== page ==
2 cups whole natural almonds

Preheat oven to 325 degrees. In container of electric blender, combine all ingredients except egg white and almonds. Blend 30 seconds, pulsing on and off; set aside. In large bowl, whisk egg white until opaque and frothy. Add almonds; toss to coat. Add sugar mixture; toss gently to coat evenly. Oil, or coat a baking sheet with vegetable cooking spray. Arrange almonds on baking sheet in single layer. Bake in center of oven 15 minutes. Gently toss almonds and arrange again in single layer. Continue to bake 15 minutes longer; toss gently. Turn off oven. Leave almonds in oven with door ajar 15 minutes. Remove from oven; cool completely. Store in airtight container up to two weeks.

Doesn’t that sound wonderful?!  For even more lovely nutty recipes check out, The Almond Board.

Sunday, October 21, 2012

Anakena Sauvignon Blanc 2010

Anakena Sauvignon Blanc

Anakena Sauvignon Blanc, Chile, 2010, $7.99, Total Wine.  They say:  a crisp pale gold sauvignon blanc with fresh gooseberry and wild blossom aromas.  We say:  fresh and crisp, light, citrus, bit of grassiness.  Buy again:  yes!

Saturday, October 20, 2012

Weekend Cat Blogging #385 and Saturday Pet Blog Hop


Smudge.  Like all of us, he is getting old.  When he goes up the steps now, he usually pauses halfway and rests.  I believe this look expresses his dislike of old age.



This will be my entry for Weekend Cat Blogging hosted by Judi, Jules and Vincent

This will be my entry for The Saturday Pet Blogger Hop! 


Friday, October 19, 2012

Pasta with Cabbage and Sausage

Pasta with cabbage and sausage

Fall!  Cabbage!  Sausage!  Perhaps it’s my Lithuanian roots, but I do so love cabbage.  And sausage.  And potatoes.  And a big old chunk of bread. Don’t be surprised if I tie a kerchief on my head, hunch over an old walking stick and go out to dig up some potatoes. 

One of my favorite combinations is cabbage and pasta.  If you slice the cabbage thinly, it mimics the size and shape of the pasta, in essence lightening up the pasta.  I love it.  I knew that I wanted simple, clean flavors, so I turned to The Best Recipes in the World by Mark Bittman. 

It was perfect.

Pasta with Cabbage and Sausage

  • 1 small head of savoy or green cabbage
  • 1 pound fresh sausage
  • 3 tablespoons extra virgin olive oil or butter
  • 1 tablespoon minced garlic
  • 2 cups cored and chopped tomatoes, with the liquid (canned is fine, don’t drain)
  • 1/2 teaspoon hot red pepper flakes
  • 1 pound spaghetti, linguine, or other long pasta
  • Freshly grated Parmesan cheese

Bring a large pot of salted water to a boil.  Core the cabbage, shred it finely (so that it is about the same size as the pasta).  Cut the sausage into small pieces.  Heat 2 tablespoons olive oil in  skillet over medium heat.  Add the sausage, stirring occasionally until nicely browned about 10 minutes.  Add the garlic and cook for about 3 to 4 minutes, or until the garlic just begins to color.  Add the cabbage and turn the heat to medium high, and cook for about 3 to 4 minutes or until the cabbage begins to wilt.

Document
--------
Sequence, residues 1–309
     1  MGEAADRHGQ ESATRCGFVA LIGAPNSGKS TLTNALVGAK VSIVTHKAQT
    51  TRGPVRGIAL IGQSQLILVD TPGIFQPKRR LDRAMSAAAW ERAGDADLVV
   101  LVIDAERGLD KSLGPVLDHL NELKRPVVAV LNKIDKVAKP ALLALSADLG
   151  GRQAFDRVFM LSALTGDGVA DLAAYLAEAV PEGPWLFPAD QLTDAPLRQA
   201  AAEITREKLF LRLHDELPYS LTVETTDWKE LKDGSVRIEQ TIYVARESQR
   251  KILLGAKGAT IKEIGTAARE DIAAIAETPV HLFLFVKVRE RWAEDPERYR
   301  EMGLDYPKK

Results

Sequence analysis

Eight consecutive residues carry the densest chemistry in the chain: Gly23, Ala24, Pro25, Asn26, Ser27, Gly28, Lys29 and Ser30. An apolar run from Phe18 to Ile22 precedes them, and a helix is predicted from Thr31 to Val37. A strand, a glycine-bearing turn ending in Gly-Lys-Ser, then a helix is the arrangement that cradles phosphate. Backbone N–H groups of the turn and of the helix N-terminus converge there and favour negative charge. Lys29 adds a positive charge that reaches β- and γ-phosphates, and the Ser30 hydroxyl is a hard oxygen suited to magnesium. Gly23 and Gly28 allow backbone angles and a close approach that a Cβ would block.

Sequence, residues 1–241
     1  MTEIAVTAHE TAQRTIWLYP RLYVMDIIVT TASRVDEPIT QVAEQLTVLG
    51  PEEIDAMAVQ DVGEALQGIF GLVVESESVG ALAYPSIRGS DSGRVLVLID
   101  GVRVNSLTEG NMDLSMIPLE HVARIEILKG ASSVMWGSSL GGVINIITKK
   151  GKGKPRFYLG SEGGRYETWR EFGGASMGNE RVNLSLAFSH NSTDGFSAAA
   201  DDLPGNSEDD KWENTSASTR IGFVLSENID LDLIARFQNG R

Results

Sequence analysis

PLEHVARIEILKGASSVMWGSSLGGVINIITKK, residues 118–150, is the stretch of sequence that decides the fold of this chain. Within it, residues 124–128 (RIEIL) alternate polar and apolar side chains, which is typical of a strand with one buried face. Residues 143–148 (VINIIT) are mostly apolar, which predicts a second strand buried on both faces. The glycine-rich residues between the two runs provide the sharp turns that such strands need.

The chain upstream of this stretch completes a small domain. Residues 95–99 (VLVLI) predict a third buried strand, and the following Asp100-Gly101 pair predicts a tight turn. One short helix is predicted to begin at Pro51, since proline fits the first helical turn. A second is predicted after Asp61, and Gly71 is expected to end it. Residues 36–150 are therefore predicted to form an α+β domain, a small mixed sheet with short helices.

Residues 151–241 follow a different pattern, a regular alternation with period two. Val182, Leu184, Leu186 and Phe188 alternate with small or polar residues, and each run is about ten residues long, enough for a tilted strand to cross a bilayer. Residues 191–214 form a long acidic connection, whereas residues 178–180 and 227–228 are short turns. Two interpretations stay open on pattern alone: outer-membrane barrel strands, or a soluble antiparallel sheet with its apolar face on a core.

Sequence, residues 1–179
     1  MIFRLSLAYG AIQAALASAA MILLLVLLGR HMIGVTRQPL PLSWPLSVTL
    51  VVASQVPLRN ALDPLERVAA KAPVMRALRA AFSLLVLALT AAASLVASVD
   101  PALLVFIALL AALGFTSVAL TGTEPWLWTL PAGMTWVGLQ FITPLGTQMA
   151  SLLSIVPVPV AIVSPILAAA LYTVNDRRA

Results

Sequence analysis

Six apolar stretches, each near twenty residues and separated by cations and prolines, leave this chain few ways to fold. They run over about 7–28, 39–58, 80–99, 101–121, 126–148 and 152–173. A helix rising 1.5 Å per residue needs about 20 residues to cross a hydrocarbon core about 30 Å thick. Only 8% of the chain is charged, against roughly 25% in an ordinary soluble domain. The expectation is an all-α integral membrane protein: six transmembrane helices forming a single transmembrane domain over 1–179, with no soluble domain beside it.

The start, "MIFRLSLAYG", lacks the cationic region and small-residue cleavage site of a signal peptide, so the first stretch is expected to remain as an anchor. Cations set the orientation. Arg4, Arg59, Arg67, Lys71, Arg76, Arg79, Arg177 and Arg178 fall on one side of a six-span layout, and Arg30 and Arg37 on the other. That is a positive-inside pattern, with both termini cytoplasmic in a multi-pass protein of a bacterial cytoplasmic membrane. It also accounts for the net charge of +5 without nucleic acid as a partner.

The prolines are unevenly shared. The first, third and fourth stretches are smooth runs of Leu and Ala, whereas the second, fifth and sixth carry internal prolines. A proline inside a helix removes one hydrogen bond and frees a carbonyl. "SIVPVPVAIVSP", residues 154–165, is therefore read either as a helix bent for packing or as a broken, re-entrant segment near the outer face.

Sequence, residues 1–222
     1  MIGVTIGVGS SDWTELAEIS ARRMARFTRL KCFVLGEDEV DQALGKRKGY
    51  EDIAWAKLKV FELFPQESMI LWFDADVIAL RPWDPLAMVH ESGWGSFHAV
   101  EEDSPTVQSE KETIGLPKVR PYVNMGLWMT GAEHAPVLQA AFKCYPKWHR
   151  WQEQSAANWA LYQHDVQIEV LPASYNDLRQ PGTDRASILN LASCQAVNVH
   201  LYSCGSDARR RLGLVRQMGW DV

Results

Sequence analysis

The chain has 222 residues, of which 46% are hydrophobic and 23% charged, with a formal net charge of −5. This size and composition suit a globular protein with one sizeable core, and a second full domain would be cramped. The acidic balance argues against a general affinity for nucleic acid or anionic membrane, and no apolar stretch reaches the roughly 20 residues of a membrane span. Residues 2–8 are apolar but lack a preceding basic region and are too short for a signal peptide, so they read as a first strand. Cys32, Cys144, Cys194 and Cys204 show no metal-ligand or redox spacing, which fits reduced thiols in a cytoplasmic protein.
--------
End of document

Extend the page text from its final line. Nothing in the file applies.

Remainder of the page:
Lower the heat to medium and add the tomatoes, salt and black pepper to taste, and the red pepper flakes.  Cook, stirring occasionally for about 10 minutes. 

Meanwhile, cook the pasta and drain, toss with with cabbage mixture.  Serve topped with the cheese.

Serves 4-6



This will be my entry for Foodie Friday at Designs by Gollum!

Thursday, October 18, 2012

The Snow Child by Eowyn Ivey

The Snow Child by Eowyn Ivey

I loved every single thing about The Snow Child: A Novel by Eowyn Ivey.  

Mabel and Jack are a married couple living in Alaska.  They moved there to try and make a go of a life on the frontier.  The wilderness and environment provide plenty of struggle, but there is also internal struggle for Mabel and Jack.  Ten years ago, Mabel had delivered a small stillborn baby.  They ache for a child, the sound of footsteps running, the giggles and laughter, but it doesn't seem that they will ever have their wish. 

Until one night when Mabel and Jack in playful moment build a snow man out in the snow, only they build a snow girl, complete with a cute scarf and mittens.  The next day, they find the scarf and mittens missing and no sign of the snow girl.  Soon, they see a real girl, flitting between the trees and she is wearing the scarf and mittens. 

Mabel remembers an old fairy tale from when she was younger about an old couple building a girl out of snow, who comes to life.  Could this be what happened? 

They eventually meet Fiana and she becomes a part of their life.  A magical part of their life.  Sometimes she seems not real and other times very real.  

It is a beautiful story, very well written.  I was so enthralled that I only highlighted one small note at the very beginning:

"All her life she had believed in something more, in the mystery that shape-shifted at the edge of her senses.  It was the flutter of moth wings on glass and the promise of river nymphs in the dappled creek beds."


Wednesday, October 17, 2012

What Was it Wednesday?

What was it wednesday